Energy Star Rebates:
The ARRA gave the DOE $300 million to establish Energy Star rebates -- refunds to consumers who purchase Energy Star-rated appliances. Since appliances account for about 17 percent of an average household's energy use, using energy efficient appliances and getting a rebate for buying them is a really great deal. While all 50 states and six territories have an Energy Star rebate program in place, they vary. "All states have different products they cover, different timelines, different rebate amounts and different processes," says Kate Schneider, a spokesperson for the EPA's Energy Star program. To find out which appliances are eligible for rebates in your area, check out Energy Star's Rebate Programs site.
State, Local and Utility Incentives:
ARRA is currently the only federal program providing incentives for energy efficient home improvements, but there are a ton of bonuses offered by states, municipalities and utility companies. To find out what programs are available where you live, check out the DOE's online Database of State Incentives for Renewables and Efficiency (DSIRE) or call your state energy office.
Green Financing Programs:
Some municipal financing districts and companies offer homeowners low-risk loans to make energy retrofits. Property Assessed Clean Energy bonds, or PACE bonds, provide the upfront costs for installing energy efficient tech, and homeowners repay the loan over 20 years through an additional sum on their property tax bill. Cities like Berkeley, San Diego, Boulder and Annapolis have PACE programs in place, and San Francisco has launched the nation's largest green financing scheme. Some local lenders and banks also offer green mortgages. Energy Efficient Mortgages (EEMs) or Energy Improvement Mortgages (EIMs) offer a larger loan than normally permitted so people can purchase an energy efficient home or make upgrades to the house. The idea is that the extra dough spent on property taxes or a mortgage is less than homeowners' energy bills before retrofitting, saving people money in the long run.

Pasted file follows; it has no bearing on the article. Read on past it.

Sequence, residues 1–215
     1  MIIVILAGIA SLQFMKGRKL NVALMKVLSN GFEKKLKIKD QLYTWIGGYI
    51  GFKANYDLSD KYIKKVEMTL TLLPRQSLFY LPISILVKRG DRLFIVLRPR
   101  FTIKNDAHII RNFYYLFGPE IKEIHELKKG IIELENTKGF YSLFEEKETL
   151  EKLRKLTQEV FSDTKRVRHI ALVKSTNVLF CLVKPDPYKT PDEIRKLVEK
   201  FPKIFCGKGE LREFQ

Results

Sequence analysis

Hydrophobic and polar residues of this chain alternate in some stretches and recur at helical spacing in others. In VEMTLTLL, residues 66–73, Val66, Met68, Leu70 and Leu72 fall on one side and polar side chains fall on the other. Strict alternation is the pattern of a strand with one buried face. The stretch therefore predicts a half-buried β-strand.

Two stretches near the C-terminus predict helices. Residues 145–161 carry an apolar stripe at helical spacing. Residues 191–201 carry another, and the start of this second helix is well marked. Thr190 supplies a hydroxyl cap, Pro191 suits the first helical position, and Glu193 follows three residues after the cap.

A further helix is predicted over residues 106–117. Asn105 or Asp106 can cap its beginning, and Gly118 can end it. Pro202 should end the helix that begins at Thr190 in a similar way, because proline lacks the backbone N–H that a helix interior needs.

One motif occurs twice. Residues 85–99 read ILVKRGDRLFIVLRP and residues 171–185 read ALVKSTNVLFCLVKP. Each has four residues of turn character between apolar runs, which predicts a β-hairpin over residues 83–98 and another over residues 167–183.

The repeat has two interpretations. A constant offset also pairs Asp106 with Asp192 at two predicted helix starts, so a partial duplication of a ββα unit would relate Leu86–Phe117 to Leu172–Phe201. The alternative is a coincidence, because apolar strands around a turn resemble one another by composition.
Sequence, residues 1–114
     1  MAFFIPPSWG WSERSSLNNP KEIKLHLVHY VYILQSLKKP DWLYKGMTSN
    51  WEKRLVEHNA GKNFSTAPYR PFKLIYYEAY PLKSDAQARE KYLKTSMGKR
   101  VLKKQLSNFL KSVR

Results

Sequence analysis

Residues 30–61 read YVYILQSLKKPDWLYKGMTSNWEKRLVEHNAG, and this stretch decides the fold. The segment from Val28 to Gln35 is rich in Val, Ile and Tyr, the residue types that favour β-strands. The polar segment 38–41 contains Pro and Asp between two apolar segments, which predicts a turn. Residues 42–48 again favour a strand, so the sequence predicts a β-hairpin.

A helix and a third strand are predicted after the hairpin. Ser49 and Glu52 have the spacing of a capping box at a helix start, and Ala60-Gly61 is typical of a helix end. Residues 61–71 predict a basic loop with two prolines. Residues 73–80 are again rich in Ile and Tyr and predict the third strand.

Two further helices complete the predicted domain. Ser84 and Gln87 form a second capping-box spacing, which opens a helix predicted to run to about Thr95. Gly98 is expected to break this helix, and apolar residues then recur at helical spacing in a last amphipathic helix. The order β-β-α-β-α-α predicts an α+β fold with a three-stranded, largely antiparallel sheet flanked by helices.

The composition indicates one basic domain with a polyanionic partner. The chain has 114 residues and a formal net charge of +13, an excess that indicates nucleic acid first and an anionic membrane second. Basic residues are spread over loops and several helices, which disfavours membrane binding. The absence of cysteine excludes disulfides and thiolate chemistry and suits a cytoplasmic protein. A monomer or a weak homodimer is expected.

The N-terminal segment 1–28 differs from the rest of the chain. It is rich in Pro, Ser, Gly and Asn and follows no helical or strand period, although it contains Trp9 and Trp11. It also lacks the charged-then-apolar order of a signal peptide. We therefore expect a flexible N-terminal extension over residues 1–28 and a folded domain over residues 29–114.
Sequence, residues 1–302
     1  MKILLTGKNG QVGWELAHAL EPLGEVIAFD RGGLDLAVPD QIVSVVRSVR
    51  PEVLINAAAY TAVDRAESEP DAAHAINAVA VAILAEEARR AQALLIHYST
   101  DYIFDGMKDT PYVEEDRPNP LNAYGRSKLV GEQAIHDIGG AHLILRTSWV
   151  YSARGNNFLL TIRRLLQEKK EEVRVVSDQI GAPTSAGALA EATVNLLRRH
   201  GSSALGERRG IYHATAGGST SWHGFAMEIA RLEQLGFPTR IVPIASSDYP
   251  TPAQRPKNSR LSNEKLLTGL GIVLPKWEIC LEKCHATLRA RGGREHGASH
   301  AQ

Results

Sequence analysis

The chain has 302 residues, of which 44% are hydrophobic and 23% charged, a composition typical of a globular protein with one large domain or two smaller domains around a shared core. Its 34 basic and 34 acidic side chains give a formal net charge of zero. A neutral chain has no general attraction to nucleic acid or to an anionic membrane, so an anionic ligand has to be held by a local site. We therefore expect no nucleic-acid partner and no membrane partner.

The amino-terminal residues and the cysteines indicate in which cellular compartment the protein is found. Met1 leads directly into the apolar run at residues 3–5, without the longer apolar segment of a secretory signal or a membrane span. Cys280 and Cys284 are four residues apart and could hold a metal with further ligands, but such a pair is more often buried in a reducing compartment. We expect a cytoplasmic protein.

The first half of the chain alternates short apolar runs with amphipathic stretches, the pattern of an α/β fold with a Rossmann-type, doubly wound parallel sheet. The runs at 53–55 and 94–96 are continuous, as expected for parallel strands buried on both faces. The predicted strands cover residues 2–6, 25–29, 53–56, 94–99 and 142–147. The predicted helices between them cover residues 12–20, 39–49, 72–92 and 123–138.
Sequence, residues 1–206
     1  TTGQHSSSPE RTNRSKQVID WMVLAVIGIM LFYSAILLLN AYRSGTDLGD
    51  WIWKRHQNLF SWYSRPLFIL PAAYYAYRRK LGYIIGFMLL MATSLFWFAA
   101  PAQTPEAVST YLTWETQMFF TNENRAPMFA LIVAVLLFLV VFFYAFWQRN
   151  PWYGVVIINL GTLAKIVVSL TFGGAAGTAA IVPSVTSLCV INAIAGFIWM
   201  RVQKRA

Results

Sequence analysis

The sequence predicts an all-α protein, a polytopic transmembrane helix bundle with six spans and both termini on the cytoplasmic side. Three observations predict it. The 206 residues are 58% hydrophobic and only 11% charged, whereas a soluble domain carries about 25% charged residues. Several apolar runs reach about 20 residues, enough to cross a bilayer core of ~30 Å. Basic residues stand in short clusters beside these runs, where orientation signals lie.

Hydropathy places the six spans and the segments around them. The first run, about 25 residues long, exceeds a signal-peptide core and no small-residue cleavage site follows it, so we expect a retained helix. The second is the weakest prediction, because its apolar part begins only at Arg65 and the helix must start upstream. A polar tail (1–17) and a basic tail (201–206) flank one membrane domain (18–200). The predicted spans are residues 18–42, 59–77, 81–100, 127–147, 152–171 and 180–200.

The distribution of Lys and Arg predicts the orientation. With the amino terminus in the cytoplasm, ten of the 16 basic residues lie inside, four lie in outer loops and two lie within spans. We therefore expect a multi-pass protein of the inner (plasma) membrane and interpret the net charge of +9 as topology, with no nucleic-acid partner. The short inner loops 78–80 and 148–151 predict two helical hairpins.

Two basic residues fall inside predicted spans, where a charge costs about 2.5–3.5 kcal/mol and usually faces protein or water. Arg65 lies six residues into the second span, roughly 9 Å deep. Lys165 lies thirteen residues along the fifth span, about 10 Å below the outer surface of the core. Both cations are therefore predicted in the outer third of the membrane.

Pending Legislation:
The only federal incentives for making energy efficient upgrades come from ARRA, but that may change soon. Congress is close to approving a bill that would create the HOMESTAR program, which provides rebates for specific energy efficient products and for whole home energy retrofits. Climate and energy legislation is currently kicking around the Senate, which may provide incentives to promote energy efficiency. Another bill may extend the currently expired homebuilders tax credit, which offers a $2,000 tax credit for new homes that achieve a 50 percent energy savings. And while many ARRA tax credits expire at the end of 2010, Simchak and other energy experts agree that they will likely be extended in some capacity.
Bang for Your Buck:
Everyone loves a federal handout. But the fact that energy efficient products cut power use means they typically make up for their initial costs by saving you serious dough on utility bills. "The payback on upgrades varies from a couple years for new windows to six months for CFLs in your hallway," says Simchak. "Some upgrades are no-brainers. It will cost you eight dollars for a caulk gun and a couple tubes of caulk, and that will save you a bunch of money on heating and cooling."
By Sarah Parsons,